Friday, February 11, 2011

Caffeinated Inc. Episode 03: A Great Coffee Experience

Caffeinated Inc. (pronounced fully - "Caffeinated Incorporated") was the Gathering's bi-weekly sitcom in the first two years of our existence. To that end, these scripts predate the Year of the Rabbit I'm celebrating here, but are indicative of the sort of approaches the Gathering took toward expressing the Christian faith. They also formed the basis for my blogged novel, Magik Beans. I was the primary writer, but the characters and sometimes dialogue took shape in a improv-to-script approach I shared with co-stars Blaine Kehl and Marcia Hamm.  I'll be posting all of our initial seven episodes in subsequent updates.

(CARL and JASMINE are onstage, discussing something quite heatedly.)

CARL:  I don’t want you to redecorate the coffee shop!

JASMINE:  I’m not going to redecorate, I’m going to do a new color scheme.

CARL:  Well I don’t want a new color scheme either.  I like the place just the way it is!

JASMINE:  You mean really tacky 80s?  It’s all wrong. . . it’s just all wrong.

CARL:  There’s nothing wrong with it.  I’ll have you know we have a very strong base of clientele. . .

JASMINE:  So does the Thunderdome, it doesn’t make it aesthetically pleasing.

CARL:  Coffee shops don’t have to be aesthetically pleasing!  They just have to serve coffee.

JASMINE:  That’s what you think.  It’s a known fact that the entire experience is why people go out for food.  If they just wanted coffee, they could stay home and brew a pot!  Customer service is one of the first keys. . .

CARL:  Which we do very well at thank you.

NICKY:  Not so much.  I’m still waiting on that large coffee.

CARL:  Right.  What was it again?

NICKY:  The Vanilla Hazelnut.

CARL:  You know Nick, for a kid on the street, you sure have refined tastes.

NICK:  Only where I can afford to.

(CARL finishes with the coffee and hands it to Nicky.)

CARL:  Then today its on the house.

NICK:  Thanks Carl.

(NICK goes to a table and reads a comic book.)

JASMINE:  As I was saying, customer service. . . and then they want a pleasant atmosphere.

CARL:  You’re trying to tell me that people want a nice atmosphere over good food? 

JASMINE:  Earl’s has made millions doing it.

CARL: Hey, I like Earl’s.  They’re overpriced I’ll admit, but. . . anyway, I can’t believe that people would take atmosphere over good food!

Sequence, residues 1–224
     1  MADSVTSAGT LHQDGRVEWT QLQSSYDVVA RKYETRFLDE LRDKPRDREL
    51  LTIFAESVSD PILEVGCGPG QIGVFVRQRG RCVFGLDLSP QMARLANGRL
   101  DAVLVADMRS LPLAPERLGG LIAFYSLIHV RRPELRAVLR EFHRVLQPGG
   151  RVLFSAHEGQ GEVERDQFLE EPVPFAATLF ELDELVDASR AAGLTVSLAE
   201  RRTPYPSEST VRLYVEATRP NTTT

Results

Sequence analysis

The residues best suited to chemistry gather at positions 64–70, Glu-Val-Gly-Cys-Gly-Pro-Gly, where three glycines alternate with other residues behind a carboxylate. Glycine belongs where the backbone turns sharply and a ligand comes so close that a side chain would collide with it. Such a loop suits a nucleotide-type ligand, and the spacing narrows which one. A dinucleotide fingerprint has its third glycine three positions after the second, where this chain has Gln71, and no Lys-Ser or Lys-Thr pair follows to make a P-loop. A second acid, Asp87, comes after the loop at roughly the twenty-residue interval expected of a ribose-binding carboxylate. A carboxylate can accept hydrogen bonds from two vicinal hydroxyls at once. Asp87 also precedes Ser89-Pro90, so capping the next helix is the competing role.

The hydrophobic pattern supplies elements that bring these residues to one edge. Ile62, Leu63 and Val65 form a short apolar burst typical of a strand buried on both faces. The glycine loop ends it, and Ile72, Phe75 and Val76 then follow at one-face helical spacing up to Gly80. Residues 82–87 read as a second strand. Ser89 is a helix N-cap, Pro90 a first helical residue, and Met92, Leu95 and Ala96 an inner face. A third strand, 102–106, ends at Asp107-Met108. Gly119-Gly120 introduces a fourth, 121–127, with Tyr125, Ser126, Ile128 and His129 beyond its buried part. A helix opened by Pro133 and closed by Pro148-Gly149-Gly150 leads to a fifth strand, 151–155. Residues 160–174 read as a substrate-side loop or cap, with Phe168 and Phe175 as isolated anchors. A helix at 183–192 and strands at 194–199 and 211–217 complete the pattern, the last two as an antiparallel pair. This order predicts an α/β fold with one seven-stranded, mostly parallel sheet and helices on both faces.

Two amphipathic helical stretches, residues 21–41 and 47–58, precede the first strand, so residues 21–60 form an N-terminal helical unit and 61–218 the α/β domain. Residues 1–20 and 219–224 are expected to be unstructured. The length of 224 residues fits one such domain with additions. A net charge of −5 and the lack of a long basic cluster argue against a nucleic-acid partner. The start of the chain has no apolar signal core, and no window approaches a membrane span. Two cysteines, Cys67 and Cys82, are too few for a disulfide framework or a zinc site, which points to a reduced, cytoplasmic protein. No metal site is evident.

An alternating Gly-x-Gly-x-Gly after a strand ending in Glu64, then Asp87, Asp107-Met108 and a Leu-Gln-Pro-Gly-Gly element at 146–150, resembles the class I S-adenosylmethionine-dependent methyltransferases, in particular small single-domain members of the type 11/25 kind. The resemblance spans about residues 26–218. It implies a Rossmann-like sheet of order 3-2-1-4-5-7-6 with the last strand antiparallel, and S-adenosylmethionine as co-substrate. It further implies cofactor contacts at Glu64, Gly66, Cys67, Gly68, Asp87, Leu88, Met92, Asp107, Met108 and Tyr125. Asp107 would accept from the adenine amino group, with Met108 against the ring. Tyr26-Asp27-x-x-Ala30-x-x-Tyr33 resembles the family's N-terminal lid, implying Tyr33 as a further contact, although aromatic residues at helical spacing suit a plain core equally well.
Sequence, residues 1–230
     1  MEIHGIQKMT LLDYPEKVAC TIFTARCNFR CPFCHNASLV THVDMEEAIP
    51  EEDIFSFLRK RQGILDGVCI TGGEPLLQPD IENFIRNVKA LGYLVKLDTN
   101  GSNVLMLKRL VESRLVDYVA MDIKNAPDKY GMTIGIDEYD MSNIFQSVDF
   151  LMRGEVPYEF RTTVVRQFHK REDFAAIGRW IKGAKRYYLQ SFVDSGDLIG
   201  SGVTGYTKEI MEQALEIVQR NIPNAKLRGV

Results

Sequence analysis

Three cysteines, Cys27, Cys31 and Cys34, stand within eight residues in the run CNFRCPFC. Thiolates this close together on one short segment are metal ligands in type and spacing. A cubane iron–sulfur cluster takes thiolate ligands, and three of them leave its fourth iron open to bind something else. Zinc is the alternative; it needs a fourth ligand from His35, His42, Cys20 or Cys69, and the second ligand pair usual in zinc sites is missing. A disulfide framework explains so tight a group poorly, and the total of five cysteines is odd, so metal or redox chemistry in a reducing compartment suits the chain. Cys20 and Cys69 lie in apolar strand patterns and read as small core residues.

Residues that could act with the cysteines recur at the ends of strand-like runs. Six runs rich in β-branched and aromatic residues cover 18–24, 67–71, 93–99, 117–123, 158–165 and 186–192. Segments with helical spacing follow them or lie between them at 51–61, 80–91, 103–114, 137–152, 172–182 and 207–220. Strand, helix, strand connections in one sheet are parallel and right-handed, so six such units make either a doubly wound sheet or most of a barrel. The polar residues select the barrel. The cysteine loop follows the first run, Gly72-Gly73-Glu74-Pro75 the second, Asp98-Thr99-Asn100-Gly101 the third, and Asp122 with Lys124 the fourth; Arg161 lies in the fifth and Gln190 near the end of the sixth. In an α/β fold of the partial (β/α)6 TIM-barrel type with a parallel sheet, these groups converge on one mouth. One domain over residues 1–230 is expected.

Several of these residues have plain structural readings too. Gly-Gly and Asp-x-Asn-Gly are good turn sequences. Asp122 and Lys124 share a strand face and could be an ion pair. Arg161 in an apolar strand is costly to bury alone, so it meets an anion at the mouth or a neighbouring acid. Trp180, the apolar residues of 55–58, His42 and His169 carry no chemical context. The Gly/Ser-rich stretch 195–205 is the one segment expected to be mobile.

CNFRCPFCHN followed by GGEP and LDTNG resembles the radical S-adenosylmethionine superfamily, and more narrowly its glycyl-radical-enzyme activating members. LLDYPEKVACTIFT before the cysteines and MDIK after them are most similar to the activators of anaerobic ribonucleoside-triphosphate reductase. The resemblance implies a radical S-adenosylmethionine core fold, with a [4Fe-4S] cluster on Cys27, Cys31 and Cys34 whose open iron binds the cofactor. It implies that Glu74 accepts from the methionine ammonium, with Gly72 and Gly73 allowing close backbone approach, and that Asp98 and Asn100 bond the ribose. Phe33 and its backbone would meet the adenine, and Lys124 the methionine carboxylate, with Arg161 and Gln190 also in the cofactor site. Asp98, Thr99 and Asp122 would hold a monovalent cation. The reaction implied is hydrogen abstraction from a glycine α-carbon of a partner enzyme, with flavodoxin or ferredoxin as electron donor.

JASMINE:  All the franchises are built on that premise Carl.  Give people a nice environment and they’ll enjoy the food a lot more.  You see, the bottom line is that people don’t go out to actually eat.  They go out to socialize.

CARL:  I go out to actually eat!

JASMINE:  And its starting to show.  (CARL gives an indignant look)  Kidding!  But its true.  Think about the majority of people who come in here.  Do any of them order six to seven coffees in say, less than an hour?

(ALAN enters.)

CARL: Some of them do.

ALAN:  Salutations and perculations!  I have arrived at the Frisky Goat. (He digs in a side pouch and produces artwork.)  Check it out!  I did up some designs for the sign out front.  (Holds up some artwork which displays a poorly drawn goat dancing with coffee in his hand)

JASMINE:  What is that supposed to be?

ALAN:  It’s a frisky goat!  Hence the name of the shop (glares at CARL)

CARL:  Get over it Alan.  I’m not calling the store the Frisky Goat, and that’s all there is to it.

ALAN:  Well, perhaps you will call it Caffeinated Infatuated, but in the hearts and minds of the people, it will forever be the Frisky Goat.

CARL: Whatever.  The usual?

ALAN:  Unless you’ve got some of that Ginseng tea, yes.  How are you doing Jasmine? 

JASMINE: Not bad.  I was just talking to Carl here about redoing the inside of the coffee shop, you know to make it a more pleasing coffee experience.

ALAN:  “Coffee experience.”  I like that – sort of a Jimi Hendrix thing, except with Caffeine.  Makes it sound like having a cup of Joe is a mystical experience.